Aspect-Oriented Programming (AOP for short) has a whole new vocabulary, including neologisms like pointcuts, aspects, concerns, and join points. In a nutshell, aspect-oriented programming allows separation of code in to a number concerns. Each concern is some particular kind of thing that the code has to do, such as logging, transaction management, persistence, and so forth.
In a traditional OOP (Object-Oriented Programming) model, these concerns would be factored out into a fairly fat base class. This is a very common model for GUI toolkits. The object model for such a toolkit almost always has a base “item” class with methods such as load, store, draw, handle event, and so forth.
Using AOP, it is possible to forego the base class. Each concern is implemented separately and independently of the others, and then attached to the basic code in the appropriate locations, known as join points. A join point can be the entry to a function, the exit from a function, the calling of a method, and so forth. The pointcuts attach the concerns to the join points. The flesbility will vary with the base language and the AOP implementation. In the implementation that Russ showed us last week, it was possible to use a regular expression to denote the set of functions to be attached (cut? joined?). In this way it was possible to capture control before any method with a name that begins with “Get” was called.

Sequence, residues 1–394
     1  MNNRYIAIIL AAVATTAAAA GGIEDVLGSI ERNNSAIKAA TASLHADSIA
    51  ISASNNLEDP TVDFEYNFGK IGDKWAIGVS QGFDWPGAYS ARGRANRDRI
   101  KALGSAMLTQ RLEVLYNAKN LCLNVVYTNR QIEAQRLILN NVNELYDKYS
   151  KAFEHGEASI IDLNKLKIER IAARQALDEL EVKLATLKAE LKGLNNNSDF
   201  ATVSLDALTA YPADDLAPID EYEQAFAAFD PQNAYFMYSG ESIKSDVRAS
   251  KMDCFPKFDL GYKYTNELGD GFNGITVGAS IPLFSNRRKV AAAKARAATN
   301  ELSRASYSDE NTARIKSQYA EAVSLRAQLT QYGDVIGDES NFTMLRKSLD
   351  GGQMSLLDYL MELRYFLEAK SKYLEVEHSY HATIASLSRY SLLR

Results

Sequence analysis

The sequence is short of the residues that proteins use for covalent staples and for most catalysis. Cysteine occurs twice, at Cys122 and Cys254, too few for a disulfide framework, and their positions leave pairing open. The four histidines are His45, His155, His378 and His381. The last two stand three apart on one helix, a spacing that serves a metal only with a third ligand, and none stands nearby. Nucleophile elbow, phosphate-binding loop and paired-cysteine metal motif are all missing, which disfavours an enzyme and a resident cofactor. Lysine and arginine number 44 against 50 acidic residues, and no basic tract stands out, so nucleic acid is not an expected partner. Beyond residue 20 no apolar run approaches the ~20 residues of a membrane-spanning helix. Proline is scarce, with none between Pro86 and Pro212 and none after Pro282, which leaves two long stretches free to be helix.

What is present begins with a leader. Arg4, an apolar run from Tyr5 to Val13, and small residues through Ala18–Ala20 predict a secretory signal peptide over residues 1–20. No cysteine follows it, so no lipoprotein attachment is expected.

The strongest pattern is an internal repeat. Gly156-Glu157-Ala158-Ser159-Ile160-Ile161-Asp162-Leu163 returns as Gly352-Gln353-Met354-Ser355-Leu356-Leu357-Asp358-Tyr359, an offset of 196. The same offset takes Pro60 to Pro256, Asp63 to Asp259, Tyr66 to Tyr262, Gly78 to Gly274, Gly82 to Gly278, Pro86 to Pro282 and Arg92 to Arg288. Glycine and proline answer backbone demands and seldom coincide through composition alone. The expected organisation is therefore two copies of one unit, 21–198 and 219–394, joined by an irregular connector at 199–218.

The entire technique is fascinating, and I want to learn more. I have not written any Java code for a while, so I probably won’t be using AspectJ. There are other AOP implementations and implementation proposals including Aspect C and PHP.
Visit the AOSD.NET site for even more info.
Of course there are already a fair number books on aspect-oriented programming: